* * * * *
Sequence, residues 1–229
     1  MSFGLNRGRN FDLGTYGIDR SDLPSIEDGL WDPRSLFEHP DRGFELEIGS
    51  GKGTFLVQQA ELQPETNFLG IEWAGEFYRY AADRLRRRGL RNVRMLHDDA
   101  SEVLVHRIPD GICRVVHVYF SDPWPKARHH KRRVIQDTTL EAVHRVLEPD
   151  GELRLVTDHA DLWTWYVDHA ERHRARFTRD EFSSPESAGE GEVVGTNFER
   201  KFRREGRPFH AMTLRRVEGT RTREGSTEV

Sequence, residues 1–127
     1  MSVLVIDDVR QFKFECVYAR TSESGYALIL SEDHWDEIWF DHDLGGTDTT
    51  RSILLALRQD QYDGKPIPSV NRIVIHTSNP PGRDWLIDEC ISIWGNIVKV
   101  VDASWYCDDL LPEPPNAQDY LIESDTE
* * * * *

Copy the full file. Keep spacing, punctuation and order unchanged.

Sequence, residues 1–229
     1  MSFGLNRGRN FDLGTYGIDR SDLPSIEDGL WDPRSLFEHP DRGFELEIGS
    51  GKGTFLVQQA ELQPETNFLG IEWAGEFYRY AADRLRRRGL RNVRMLHDDA
   101  SEVLVHRIPD GICRVVHVYF SDPWPKARHH KRRVIQDTTL EAVHRVLEPD
   151  GELRLVTDHA DLWTWYVDHA ERHRARFTRD EFSSPESAGE GEVVGTNFER
   201  KFRREGRPFH AMTLRRVEGT RTREGSTEV

Sequence, residues 1–127
     1  MSVLVIDDVR QFKFECVYAR TSESGYALIL SEDHWDEIWF DHDLGGTDTT
    51  RSILLALRQD QYDGKPIPSV NRIVIHTSNP PGRDWLIDEC ISIWGNIVKV
   101  VDASWYCDDL LPEPPNAQDY LIESDTE